Drafted last year by the Broncos, he played sparingly his rookie season. Now, his struggles to adapt to the N.F.L. have changed the tenor of the debate around him, made it nastier, more personal, more intense. Supporters have reacted to criticism of Tebow as an indictment on religion, while detractors seem to delight in every wayward pass.

While the story does a nice job of giving a basic overview of the debate and offers some theories for why we’re seeing the perfect storm, there were a few portions of the article that could have been improved.

Just last year, Tebow drew national attention for his antiabortion commercial broadcast during the Super Bowl. In the past three weeks, he has become the most discussed and most polarizing figure in sports, strange territory for a replacement player on a last-place team.

Actually, remember how the 2010 Superbowl commercial said nothing about abortion? People might have made inferences based on Tebow’s story, but it wasn’t an “antiabortion” commercial from a policy standpoint. Also, maybe this reporter discovered the war surrounding Tebow three weeks ago, but as far as I can tell, it has been going on since the commercial, escalated again at the beginning of the season and then reporters began to notice even more when he began starting for the Broncos.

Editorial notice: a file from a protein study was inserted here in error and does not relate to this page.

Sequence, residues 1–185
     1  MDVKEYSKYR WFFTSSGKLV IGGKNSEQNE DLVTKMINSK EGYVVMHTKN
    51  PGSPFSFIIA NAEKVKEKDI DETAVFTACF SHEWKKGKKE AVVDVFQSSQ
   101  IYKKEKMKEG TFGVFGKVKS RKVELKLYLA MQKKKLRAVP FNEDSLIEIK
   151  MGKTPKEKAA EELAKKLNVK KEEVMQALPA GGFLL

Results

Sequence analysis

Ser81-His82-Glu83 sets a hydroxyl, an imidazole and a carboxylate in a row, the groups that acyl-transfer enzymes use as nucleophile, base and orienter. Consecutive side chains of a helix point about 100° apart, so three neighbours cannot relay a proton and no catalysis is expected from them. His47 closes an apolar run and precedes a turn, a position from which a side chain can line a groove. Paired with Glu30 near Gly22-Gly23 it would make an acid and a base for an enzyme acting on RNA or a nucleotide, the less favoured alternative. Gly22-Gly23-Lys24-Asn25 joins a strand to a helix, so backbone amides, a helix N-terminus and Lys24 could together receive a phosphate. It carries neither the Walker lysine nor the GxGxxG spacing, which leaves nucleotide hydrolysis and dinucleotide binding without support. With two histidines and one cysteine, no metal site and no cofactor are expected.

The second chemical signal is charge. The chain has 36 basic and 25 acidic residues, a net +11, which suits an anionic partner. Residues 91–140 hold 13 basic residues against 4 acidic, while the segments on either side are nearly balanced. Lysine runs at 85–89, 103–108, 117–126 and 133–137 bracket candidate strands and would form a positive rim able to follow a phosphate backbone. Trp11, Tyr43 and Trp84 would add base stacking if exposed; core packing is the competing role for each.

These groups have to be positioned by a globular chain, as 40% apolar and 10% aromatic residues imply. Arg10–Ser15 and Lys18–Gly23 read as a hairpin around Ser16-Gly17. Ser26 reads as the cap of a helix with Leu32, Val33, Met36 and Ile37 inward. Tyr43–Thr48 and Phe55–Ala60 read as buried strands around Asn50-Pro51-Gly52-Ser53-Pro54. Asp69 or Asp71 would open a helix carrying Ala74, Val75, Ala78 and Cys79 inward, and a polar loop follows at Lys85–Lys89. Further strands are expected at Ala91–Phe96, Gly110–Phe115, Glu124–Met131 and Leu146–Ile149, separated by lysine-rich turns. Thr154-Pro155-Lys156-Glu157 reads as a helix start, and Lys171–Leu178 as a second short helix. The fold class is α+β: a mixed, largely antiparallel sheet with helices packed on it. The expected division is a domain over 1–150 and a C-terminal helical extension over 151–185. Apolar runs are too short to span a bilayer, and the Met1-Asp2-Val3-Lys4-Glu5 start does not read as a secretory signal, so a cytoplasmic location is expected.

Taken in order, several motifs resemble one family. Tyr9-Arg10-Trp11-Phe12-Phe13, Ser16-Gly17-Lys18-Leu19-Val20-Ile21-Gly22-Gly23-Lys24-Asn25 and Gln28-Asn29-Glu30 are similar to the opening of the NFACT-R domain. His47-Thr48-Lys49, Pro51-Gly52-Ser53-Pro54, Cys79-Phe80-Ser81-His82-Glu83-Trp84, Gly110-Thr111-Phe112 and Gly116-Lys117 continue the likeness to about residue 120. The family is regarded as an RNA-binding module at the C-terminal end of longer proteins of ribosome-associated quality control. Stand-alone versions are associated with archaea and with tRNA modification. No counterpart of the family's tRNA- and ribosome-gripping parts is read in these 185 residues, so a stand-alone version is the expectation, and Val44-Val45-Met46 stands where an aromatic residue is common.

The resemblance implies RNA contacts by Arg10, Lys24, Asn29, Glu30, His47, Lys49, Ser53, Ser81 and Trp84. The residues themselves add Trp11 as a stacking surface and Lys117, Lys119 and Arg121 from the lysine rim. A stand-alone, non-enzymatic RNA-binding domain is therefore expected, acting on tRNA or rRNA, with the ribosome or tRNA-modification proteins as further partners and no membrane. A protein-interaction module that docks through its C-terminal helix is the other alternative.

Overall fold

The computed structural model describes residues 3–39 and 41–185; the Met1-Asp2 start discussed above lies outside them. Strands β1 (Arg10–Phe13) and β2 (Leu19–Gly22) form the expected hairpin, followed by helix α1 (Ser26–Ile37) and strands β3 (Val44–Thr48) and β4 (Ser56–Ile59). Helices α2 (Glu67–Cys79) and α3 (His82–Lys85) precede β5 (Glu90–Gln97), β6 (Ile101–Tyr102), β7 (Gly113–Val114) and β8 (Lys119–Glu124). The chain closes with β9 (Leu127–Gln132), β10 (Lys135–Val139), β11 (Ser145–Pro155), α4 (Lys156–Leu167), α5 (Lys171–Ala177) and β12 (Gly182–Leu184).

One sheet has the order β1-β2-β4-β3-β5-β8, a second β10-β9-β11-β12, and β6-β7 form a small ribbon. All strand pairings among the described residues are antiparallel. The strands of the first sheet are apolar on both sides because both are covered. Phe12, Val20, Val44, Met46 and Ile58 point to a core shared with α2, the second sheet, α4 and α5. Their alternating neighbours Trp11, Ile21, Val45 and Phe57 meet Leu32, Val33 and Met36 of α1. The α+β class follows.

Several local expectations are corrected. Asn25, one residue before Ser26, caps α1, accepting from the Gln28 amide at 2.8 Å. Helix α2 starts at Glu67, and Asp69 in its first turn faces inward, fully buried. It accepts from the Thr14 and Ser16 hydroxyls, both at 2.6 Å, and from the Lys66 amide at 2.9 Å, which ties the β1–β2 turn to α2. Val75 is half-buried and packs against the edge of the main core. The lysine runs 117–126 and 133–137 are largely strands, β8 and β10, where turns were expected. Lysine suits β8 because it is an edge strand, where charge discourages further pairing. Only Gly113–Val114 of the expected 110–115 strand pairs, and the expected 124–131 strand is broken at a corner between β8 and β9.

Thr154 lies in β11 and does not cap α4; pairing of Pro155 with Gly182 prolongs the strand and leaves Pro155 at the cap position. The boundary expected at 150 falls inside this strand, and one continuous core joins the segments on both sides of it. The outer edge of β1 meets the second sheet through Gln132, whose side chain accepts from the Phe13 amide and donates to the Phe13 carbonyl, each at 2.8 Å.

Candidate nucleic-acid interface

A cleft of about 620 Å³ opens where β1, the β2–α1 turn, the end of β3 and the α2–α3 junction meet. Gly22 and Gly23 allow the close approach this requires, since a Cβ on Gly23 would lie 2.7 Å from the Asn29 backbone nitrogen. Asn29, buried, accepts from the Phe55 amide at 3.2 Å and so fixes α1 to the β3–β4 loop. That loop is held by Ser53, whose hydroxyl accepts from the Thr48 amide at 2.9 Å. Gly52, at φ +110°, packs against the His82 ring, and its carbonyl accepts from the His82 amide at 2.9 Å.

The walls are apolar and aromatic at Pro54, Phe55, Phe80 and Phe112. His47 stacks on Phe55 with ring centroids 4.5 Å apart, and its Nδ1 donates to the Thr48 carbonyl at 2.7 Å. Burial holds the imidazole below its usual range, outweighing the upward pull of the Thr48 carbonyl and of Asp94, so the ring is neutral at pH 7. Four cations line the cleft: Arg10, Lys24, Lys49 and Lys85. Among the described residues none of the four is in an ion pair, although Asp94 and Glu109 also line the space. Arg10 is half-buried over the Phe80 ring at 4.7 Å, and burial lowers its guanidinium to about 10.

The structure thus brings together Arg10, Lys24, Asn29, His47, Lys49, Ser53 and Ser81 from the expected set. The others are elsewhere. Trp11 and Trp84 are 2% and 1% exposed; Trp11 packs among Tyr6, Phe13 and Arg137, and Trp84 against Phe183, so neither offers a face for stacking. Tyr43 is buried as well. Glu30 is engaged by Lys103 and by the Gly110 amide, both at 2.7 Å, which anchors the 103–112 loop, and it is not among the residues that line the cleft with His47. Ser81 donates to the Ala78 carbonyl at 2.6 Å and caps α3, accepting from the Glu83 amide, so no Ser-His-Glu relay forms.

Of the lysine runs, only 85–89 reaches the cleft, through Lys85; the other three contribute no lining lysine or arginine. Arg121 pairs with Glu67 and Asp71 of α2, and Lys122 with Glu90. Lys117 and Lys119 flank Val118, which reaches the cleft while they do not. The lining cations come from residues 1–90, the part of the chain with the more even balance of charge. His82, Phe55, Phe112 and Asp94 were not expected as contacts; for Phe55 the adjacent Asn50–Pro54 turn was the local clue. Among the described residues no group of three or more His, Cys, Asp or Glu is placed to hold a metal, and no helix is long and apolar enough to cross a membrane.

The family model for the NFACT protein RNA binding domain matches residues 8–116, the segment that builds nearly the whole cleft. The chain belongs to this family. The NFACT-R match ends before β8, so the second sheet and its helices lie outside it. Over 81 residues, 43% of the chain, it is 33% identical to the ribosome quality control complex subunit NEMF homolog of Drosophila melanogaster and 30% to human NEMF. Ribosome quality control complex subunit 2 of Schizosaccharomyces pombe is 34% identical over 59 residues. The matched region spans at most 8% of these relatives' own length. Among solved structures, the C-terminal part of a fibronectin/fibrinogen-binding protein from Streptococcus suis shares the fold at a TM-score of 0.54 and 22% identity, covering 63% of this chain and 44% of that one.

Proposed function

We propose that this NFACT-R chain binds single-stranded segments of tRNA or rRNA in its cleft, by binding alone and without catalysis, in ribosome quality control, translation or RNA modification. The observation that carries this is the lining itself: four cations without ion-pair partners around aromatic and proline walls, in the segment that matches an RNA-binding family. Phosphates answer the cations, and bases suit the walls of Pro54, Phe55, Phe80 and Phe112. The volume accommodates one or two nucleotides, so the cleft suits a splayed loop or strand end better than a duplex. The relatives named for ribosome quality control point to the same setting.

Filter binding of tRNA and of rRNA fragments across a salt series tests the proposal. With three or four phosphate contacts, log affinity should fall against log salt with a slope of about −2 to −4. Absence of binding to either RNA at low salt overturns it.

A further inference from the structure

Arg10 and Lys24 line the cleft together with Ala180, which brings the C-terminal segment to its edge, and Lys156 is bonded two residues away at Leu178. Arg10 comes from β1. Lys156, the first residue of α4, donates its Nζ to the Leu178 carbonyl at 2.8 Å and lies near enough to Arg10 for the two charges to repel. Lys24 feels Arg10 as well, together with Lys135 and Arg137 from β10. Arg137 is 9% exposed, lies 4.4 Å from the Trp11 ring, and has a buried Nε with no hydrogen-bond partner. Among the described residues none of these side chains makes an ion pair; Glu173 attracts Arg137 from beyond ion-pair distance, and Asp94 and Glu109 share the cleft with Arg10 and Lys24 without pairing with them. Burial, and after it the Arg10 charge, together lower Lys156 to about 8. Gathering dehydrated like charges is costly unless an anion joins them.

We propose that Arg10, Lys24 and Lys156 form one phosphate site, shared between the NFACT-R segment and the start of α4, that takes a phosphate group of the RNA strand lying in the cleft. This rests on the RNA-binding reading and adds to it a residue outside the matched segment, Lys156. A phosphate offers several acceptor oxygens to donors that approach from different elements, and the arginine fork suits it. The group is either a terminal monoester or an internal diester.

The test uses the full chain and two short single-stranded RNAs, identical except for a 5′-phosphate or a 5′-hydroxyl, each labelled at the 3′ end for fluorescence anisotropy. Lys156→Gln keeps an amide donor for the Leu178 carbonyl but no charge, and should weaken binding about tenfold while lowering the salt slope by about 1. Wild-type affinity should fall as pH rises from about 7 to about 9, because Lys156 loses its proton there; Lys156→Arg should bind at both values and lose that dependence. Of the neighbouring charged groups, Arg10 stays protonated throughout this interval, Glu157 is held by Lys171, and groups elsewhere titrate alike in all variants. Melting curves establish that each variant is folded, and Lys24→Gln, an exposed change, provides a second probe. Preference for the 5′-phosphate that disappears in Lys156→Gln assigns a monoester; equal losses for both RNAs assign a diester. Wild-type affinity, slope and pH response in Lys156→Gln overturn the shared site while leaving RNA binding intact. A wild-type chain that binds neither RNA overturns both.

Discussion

Online, the torrent of mockery and criticism has been fierce. Blog posts included “God explains why he let Tim Tebow fail” and Twitter exploded in hateful vitriol, to which the Sports Illustrated writer Joe Posnanski mused: “I believe Tim Tebow isn’t an N.F.L. starter and I want him to prove me wrong because I believe he’s a great guy. Is that allowed?”

In sheer volume and intensity, the comments section on an ESPN article best captured the storm known as Tebow mania. They ranged from critical to crude under the theme “X is > Tebow,” with X being “eating your kids” among the options, as moderators struggled to delete the escalating venom.

There’s something about this section of the piece that makes me chuckle. Guess what, folks. Religion does really well on the internet! I just don’t know that looking at the comments section on an ESPN article is the best way to measure how the entire country feels about Tebow, since it’s a fairly selective audience that comments on articles. People feel pretty passionately about public expressions of faith, so it’s not really startling to see vitriol expressed on the interwebs.